Zimbabwe /zɪmˈbɑːbweɪ/, officially the Republic of Zimbabwe, is a landlocked country located in southern Africa, between the Zambezi and Limpopo rivers. It borders South Africa to the south, Botswana to the west, Zambia to the northwest and Mozambique to the east. The capital and largest city is Harare.
Present-day Zimbabwe was historically the site of many[quantify] prominent kingdoms and empires, as well as a major route for migration and trade. Cecil Rhodes' British South Africa Company first demarcated the present territory during the 1890s; the area became the self-governing colony of Southern Rhodesia in 1923. In 1965 the conservative white minority government unilaterally declared independence as Rhodesia. The state endured international isolation and a 15-year guerrilla war with black nationalist forces; this culminated in a peace agreement that established universal enfranchisement and de jure sovereignty in April 1980.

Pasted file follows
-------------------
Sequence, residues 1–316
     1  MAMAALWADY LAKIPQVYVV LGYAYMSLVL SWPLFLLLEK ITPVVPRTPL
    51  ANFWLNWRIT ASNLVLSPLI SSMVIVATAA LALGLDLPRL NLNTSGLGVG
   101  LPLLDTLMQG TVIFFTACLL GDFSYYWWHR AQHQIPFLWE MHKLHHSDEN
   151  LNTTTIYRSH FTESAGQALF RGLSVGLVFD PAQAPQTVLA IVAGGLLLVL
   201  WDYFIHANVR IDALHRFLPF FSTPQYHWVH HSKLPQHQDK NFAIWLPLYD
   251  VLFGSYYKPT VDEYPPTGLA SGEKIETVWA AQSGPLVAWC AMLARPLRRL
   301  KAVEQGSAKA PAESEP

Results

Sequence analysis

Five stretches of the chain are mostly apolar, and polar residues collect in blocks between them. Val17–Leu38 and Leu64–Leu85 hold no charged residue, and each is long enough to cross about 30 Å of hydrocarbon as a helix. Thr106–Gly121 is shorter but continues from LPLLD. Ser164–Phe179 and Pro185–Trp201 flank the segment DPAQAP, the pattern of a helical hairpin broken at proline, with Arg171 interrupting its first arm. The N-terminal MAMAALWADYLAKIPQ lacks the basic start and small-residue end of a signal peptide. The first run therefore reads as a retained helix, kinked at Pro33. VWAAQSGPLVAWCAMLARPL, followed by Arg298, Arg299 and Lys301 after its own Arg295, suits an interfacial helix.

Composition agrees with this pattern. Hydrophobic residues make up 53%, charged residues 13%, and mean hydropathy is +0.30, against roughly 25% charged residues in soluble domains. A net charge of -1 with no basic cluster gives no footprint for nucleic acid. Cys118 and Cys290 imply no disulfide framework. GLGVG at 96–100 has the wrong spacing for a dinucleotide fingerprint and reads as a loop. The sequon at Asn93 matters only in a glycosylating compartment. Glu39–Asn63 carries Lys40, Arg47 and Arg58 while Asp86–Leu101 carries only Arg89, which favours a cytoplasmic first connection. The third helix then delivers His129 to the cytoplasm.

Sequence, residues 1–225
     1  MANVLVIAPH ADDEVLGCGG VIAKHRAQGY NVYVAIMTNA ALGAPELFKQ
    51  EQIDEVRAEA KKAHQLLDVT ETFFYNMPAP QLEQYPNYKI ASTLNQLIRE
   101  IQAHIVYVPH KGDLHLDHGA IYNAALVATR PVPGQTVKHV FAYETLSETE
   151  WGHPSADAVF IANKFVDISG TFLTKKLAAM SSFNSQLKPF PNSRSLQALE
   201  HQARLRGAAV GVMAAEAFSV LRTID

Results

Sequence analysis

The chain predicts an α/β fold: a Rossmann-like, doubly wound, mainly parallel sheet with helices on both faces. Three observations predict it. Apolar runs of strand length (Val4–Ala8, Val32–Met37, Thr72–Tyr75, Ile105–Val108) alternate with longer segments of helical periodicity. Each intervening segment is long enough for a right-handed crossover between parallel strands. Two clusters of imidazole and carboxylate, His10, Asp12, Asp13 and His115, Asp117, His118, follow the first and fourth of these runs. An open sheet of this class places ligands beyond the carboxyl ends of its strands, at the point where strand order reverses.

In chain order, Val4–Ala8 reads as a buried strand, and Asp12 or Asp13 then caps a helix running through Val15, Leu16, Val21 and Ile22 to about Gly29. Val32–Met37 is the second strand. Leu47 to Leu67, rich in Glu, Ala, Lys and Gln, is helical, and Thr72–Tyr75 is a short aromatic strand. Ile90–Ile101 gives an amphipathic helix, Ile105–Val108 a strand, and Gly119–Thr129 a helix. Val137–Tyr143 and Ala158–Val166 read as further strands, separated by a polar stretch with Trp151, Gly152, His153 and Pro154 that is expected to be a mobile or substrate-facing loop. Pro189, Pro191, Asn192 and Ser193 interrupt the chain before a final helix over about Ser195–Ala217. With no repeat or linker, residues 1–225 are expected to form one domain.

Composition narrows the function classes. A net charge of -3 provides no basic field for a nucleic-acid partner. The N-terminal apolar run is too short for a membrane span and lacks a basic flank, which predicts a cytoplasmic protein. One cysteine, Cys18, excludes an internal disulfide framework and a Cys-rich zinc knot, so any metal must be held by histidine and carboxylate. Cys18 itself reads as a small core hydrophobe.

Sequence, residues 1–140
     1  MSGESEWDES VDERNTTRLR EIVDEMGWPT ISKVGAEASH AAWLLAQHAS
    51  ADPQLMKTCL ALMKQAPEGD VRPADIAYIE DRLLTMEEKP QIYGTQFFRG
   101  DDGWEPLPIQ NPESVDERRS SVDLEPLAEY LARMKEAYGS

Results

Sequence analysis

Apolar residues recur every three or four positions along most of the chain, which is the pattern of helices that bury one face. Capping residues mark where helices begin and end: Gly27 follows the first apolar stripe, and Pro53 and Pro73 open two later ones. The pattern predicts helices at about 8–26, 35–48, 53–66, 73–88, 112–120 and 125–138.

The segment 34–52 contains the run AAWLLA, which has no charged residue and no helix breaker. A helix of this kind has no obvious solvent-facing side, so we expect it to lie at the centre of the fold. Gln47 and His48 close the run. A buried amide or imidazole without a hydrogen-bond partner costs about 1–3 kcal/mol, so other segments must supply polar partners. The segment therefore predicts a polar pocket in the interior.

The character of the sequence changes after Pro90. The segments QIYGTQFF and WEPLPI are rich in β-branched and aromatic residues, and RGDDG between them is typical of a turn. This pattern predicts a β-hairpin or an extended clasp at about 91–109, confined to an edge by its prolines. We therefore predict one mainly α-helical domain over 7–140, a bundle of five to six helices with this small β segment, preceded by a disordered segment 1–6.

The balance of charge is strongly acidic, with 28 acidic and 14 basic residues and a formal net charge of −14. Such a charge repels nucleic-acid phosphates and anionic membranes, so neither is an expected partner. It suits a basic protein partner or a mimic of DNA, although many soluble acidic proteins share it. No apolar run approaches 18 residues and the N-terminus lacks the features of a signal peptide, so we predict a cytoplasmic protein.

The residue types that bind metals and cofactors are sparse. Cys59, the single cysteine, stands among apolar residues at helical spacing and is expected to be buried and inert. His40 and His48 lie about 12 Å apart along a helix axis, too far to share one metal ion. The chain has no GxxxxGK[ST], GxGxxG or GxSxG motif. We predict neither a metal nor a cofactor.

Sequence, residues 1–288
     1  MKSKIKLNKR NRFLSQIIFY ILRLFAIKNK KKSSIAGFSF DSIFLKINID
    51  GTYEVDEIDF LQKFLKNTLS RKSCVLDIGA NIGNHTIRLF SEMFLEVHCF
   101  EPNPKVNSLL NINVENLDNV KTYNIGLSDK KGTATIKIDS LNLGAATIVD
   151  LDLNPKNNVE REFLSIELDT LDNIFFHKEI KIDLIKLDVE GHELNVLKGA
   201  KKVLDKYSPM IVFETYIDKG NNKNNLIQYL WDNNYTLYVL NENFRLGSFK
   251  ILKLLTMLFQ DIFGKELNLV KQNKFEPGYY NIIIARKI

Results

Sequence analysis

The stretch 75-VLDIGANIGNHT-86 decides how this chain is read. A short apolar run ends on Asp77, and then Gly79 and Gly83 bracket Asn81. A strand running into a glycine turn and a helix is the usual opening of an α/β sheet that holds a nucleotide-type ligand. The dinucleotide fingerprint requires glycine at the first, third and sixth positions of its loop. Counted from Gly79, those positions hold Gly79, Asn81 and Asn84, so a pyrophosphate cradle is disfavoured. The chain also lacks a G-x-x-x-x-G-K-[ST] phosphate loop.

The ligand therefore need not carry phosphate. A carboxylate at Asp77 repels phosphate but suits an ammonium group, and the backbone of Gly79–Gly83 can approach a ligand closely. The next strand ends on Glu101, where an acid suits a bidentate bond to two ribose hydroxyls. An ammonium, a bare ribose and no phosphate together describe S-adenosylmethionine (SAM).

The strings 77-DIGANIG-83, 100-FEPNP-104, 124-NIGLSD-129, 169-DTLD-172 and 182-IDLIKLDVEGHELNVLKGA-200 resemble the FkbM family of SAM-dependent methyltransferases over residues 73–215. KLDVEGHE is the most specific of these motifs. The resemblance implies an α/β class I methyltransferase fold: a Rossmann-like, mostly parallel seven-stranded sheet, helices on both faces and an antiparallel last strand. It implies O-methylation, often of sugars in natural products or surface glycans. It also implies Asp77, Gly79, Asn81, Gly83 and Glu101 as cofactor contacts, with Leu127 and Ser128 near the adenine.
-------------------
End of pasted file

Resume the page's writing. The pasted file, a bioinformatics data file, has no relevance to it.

An ethnically diverse country of roughly 13 million people, Zimbabwe has 16 official languages, with English, Shona and Ndebele the most commonly used. President Robert Mugabe serves as head of state and government, and as commander-in-chief of the armed forces. Renowned as a champion for the anti-colonial cause, Mugabe also has a reputation as an authoritarian figure responsible for Zimbabwe's problematic human rights record and substantial economic decline. He has held power since 1980: as head of government until 1987, and head of both state and government since then.
All sources from Wikipedia.